Spain jails Catalan leaders, sparking angry protests in Barcelona

BARCELONA, Spain (UPDATED) – Spain's Supreme Court sentenced 9 Catalan separatist leaders to heavy jail terms Monday, October 14, over the failed 2017 independence bid, bringing thousands of angry protesters onto the streets of Barcelona and blocked access to its airport.

The long-awaited ruling capped weeks of rising tension, and puts the Catalan question at the heart of the political debate less than a month before Spain heads into its fourth general election in as many years.

As the news broke, demonstrators flooded the streets of Barcelona before marching towards El Prat, Spain's second busiest airport, where they briefly choked-off road and rail access, an Agence France-Presse (AFP) correspondent said.

At the entrance to the airport, police charged at protesters trying to get inside, an AFP correspondent said, while the AENA airport authority said some 20 flights had been cancelled.

Outside, traffic was at a complete standstill up to 5 kilometers (3 miles) from the airport, with many travelers with suitcases getting out and walking as a police helicopter flew overhead.

Since the early hours, police have been braced for what activists pledged would be a mass response of civil disobedience.

"I feel very affected by the sentence even though I expected it. I feel fury and a sense of powerlessness," said Joan Guich, a 19-year-old maths student who was protesting on Gran Via.

"They have been convicted for an ideology which I agree with."

'An outrage'

The 12 defendants were put on trial in February for their role in the banned October 1, 2017 referendum and the short-lived independence declaration that followed it.

The harshest sentence of 13 years was handed to former Catalan vice president Oriol Junqueras who served as the main defendant in absence of Carles Puigdemont, the region's leader who fled Spain to avoid prosecution.

In a tweet from Brussels, Puigdemont denounced the sentences as an "outrage."

"100 years in all. An outrage. Now more than ever, by your side and those of your families. It is time to react as never before," he wrote.

And in a letter released on Monday, Junqueras said the story was far from over.

"Nothing ends today, you neither win nor convince," he wrote in remarks directed at Spain's central government.

"We will come back even stronger...and win."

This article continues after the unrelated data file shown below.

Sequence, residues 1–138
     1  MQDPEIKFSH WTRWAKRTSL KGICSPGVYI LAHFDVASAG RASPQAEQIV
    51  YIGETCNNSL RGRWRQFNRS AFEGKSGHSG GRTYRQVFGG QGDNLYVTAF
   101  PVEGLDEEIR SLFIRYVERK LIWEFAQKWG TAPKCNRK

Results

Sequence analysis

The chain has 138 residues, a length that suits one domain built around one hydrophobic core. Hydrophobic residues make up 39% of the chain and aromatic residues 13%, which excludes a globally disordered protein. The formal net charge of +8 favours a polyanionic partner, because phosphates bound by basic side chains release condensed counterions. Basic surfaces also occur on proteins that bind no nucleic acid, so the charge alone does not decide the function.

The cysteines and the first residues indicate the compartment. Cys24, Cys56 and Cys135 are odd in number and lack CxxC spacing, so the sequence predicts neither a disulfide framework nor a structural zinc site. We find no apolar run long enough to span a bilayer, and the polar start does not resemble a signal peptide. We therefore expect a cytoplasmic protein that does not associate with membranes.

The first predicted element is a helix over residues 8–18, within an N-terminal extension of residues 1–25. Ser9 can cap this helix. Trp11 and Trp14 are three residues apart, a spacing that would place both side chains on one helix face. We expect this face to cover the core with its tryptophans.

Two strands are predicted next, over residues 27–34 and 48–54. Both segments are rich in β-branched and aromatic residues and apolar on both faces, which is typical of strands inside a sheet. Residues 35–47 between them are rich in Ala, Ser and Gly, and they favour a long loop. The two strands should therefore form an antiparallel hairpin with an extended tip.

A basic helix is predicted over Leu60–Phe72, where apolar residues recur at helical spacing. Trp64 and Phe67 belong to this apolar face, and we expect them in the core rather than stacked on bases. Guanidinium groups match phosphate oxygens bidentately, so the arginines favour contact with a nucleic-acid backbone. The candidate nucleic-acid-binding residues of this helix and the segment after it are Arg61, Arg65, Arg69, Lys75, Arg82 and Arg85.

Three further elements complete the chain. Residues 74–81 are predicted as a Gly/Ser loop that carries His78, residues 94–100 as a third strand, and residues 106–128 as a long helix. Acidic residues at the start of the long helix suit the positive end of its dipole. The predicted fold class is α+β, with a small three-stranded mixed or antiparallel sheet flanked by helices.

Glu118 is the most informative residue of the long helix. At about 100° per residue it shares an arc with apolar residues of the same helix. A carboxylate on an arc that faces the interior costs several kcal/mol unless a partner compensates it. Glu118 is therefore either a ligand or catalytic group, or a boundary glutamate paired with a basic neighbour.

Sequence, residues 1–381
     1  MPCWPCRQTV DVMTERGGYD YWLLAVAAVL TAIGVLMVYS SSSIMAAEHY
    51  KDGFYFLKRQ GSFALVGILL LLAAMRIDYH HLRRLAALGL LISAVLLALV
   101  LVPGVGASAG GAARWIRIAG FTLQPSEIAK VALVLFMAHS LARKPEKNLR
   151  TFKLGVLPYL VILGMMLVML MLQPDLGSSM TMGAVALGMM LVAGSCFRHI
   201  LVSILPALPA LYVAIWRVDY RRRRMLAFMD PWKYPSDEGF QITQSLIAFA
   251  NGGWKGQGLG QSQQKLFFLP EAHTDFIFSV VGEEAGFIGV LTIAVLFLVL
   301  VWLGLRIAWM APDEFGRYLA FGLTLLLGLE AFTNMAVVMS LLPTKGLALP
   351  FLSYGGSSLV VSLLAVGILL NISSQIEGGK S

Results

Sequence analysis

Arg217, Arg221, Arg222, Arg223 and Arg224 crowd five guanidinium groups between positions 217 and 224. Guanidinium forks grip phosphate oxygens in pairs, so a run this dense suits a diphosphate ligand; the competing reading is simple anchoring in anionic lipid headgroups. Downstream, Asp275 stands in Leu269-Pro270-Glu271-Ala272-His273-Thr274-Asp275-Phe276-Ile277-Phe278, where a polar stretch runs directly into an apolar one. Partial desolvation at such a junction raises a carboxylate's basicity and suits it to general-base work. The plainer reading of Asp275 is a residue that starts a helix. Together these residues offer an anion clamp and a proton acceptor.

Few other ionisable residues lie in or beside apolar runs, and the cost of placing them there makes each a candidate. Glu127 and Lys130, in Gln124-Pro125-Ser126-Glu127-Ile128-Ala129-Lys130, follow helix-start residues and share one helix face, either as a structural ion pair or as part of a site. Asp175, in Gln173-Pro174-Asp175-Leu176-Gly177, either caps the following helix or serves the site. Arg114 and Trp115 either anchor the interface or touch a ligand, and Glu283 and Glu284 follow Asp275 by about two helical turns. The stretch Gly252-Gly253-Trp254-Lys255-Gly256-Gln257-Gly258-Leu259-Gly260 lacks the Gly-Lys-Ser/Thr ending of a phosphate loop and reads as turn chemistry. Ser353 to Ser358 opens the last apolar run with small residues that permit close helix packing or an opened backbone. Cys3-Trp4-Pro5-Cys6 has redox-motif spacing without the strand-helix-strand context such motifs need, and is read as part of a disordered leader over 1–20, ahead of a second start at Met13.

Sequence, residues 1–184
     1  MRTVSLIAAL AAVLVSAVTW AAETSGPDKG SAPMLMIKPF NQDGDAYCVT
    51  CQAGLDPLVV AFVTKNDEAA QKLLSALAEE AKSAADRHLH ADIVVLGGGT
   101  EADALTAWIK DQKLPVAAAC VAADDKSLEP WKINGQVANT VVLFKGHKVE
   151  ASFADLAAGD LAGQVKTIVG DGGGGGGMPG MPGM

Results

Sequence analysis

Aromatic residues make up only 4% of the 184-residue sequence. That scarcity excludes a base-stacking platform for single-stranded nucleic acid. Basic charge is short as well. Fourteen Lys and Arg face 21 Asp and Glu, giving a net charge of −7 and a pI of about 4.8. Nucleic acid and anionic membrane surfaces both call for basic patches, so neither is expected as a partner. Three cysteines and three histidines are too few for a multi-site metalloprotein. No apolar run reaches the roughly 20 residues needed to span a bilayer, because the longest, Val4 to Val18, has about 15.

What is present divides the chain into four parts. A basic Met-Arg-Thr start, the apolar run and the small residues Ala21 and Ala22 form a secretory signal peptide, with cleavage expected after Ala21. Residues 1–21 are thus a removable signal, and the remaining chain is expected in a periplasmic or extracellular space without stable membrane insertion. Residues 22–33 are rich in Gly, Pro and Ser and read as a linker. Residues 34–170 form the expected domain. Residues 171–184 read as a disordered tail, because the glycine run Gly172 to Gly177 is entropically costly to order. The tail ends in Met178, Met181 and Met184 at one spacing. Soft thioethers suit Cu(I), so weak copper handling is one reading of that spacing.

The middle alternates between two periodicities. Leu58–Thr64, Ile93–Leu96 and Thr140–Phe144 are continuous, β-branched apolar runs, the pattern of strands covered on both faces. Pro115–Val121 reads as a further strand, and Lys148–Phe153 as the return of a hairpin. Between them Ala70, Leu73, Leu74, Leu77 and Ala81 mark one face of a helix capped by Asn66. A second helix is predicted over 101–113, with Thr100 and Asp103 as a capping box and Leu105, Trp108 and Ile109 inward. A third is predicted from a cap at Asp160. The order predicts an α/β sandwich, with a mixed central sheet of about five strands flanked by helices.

Spain's government has expressed hope the trial's end would allow it to move on from the crisis in the wealthy northeastern region, where support for independence has gained momentum over the past decade.

"Following the Supreme Court decision we need to turn the page...through dialogue," Prime Minister Pedro Sanchez said, speaking in English.

But shortly afterwards, a judge issued a new international arrest warrant for Puigdemont, a clear indication Spain would not rest until he and 5 others who fled abroad had been tried for their role in the crisis.

'These are good people'

The separatist movement is hoping the guilty verdicts will unite their divided ranks and bring supporters onto the streets.

"It is time to rise up against the authoritarian fascism of the Spanish state and its accomplices," tweeted the radical CDR as thousands heeded the call to protest.

Many said they'd taken the day off to protest a sentence they knew would be harsh.

"I'm not surprised but I still feel really outraged. These are good, peaceful, honest people," said Carles Navarro, a 49-year-old IT consultant.

"We have always looked for a peaceful way (to express our demands) but nobody listens. Now we're forced to resort to civil disobedience."

Evening demonstrations

"Today is going to be historic, you can feel it in the atmosphere. Serious things are happening," said Oscar Quiles, a 47-year-old properly entrepreneur demonstrating in Plaza Catalunya.

Huge crowds also blocked Gran Via and halted rail traffic while hundreds of people stormed the rail tracks, halting 4 suburban lines.

The Catalan National Assembly (ANC) and Omnium Cultural, the region's two biggest grassroots pro-independence groups behind some of the biggest separatist protests in recent years, have also called an evening rally.

Barcelona Football Club also weighed in, tweeting: "Prison is not the solution.

"The resolution of the conflict in Catalonia must come exclusively from political dialogue."

Junqueras' leftwing ERC party, which advocates dialogue with Spain, has said no negotiations would be possible without an "amnesty" for "political prisoners and those in exile."

In the coming days, demonstrators will march from 5 towns towards Barcelona where they will congregate on Friday, October 18, when a general strike has been called. – Rappler.com